and arranging these songs that Pete and I thought I could sing and that
were best suited for my voice. They were all songs that we had both wanted
to do in the past."
ANDERSON OF BURBANK
it sure is Monday, ain't it the truth/ I partied too hardy, now I'm paying
my dues/ I had a ball Friday, Saturday and Sunday/ but it's all over now
and it sure is Monday." - It Sure Is Monday - Dennis Linde.
record in Nashville or even Austin - for a good reason.
"I didn't want the album to sound like a modern country record,"
didn't want it to sound like what was going on in Nashville right
now. Anytime you work with Pete Anderson, you're going to get Pete
Anderson sounds. He's such a unique guitar player and music guy.
We didn't want it to sound like Nashville because we weren't in
Nashville. We recorded this in Burbank in Pete's studio in California.
It was a big thrill for me because in all my career I had never
cut anything other than in Texas or Nashville. I started out recording
in Texas but everything else was in Nashville. This was a big thrill
to go somewhere else and cut some music."
says he had met Anderson once in Switzerland but had never worked
"Pete and I picked through everything with a couple of acoustic
guitars," he recalled.
"And we came up with the songs that best suited me.
The Burbank recording went quickly - Pete says Mark did the entire
album in less than three hours.
my part in two nights," Chesnutt confessed.
"We already had the arrangements. We'd already sat down together
and worked that out. I flew up in December to do two nights of track vocals,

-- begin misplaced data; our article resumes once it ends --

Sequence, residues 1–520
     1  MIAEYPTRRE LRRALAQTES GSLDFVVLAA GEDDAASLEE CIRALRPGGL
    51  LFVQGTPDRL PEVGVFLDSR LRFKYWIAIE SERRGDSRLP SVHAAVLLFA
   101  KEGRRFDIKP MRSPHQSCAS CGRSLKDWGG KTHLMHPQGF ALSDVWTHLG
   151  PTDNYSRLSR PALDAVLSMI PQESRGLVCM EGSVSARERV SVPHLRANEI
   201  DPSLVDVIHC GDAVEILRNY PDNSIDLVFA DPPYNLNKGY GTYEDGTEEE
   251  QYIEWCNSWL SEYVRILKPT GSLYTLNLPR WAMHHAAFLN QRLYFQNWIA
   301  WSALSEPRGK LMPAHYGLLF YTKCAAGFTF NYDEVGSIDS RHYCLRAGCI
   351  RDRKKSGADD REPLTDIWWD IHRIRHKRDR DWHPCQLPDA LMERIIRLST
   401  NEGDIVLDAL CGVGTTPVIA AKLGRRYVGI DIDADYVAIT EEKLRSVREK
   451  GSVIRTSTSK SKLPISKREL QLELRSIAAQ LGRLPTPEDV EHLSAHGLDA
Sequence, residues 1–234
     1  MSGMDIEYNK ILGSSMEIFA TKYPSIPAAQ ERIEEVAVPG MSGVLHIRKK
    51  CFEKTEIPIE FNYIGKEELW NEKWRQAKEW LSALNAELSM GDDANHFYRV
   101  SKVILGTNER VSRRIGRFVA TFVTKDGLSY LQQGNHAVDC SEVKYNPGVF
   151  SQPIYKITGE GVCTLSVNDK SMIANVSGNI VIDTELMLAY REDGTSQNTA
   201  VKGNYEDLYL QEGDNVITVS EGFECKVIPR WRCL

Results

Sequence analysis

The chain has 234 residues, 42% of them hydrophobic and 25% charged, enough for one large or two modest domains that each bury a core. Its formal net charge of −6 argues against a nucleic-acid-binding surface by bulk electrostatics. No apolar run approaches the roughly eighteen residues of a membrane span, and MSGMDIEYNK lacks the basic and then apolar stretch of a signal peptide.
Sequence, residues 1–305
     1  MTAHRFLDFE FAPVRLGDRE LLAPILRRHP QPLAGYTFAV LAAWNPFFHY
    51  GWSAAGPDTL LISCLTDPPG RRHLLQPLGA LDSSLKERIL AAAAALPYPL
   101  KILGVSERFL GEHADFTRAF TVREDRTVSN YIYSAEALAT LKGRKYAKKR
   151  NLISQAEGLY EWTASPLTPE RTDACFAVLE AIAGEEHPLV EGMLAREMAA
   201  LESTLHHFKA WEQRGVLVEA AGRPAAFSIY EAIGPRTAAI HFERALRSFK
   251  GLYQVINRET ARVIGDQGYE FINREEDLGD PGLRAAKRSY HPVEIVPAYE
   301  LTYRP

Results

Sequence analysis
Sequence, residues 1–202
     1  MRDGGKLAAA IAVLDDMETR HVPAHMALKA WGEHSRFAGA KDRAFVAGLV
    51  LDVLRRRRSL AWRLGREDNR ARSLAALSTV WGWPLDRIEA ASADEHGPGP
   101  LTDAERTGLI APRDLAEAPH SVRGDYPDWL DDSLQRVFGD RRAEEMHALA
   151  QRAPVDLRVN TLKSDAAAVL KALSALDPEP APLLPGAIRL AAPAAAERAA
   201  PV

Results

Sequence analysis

and he was going to build around that. Then I'd planned to come back later
in January and lay down the real vocal tracks.
But Pete's tracks were so good I ended up doing all the vocals during
the time set aside for track vocals."
WILLIAMS JR AND KRISTOFFERSON
said 'I've played that old guitar in a drifting country band/ played coast
to coast and a few foreign lands/ some crowds were big and some crowds
were small/ somehow I hope I let 'em know I loved them all'/ I said you're
mighty skinny, he said would you believe/ it only took one woman to do
this to me/ but you gotta bet your hat son and get out of the way/ when
they start hating love and loving to hate." - Talking To Hank
- Bobby Harden.
included Hank Williams Jr, Waylon & Willie, David Allan Coe, Billy
Joe Shaver, Guy Clark and Kris Kristofferson.
"Some of the real obvious songs that I've been singing in the clubs
for years - ever since I started singing - Whiskey Bent and
Hell Bound and Country State of Mind were pretty obvious
choices," Chesnutt said of the Hank Jr songs.
there were a couple choices that I had never sung before in my life.
They were songs that I had heard many times growing up, like Loving
Her Was Easier and Sunday Morning Coming Down. But I
had never even tried those songs. I had always loved them, but I
had never tried them until this project came along. What you hear
on this CD are my first attempts at them. I didn't even sit down
long and work on them except for the time.
"I'd never rehearsed them. Pete and I sat down with guitars
in the studio just to get a tease. We had to pick songs that really
made the Outlaw statement. We didn't want to be obvious and cut
songs like Good Hearted Woman. We wanted to get deeper than that.
That's why Kristofferson's songs came up."
says he had never performed those Kristofferson songs before.
never sung them at the clubs because I didn't consider them my style until
I recorded them," Chesnutt added.
"I wanted to do them justice, so I just quit listening to the originals
and did the songs from the songs' standpoint. There are several different
versions of some of these songs such as with Loving Her Was Easier and
Sunday Morning Coming Down. A couple of those songs have been recorded
by a lot of people. I had to basically stop listening to all the versions
that I was familiar with and broke it down to the original Kris Kristofferson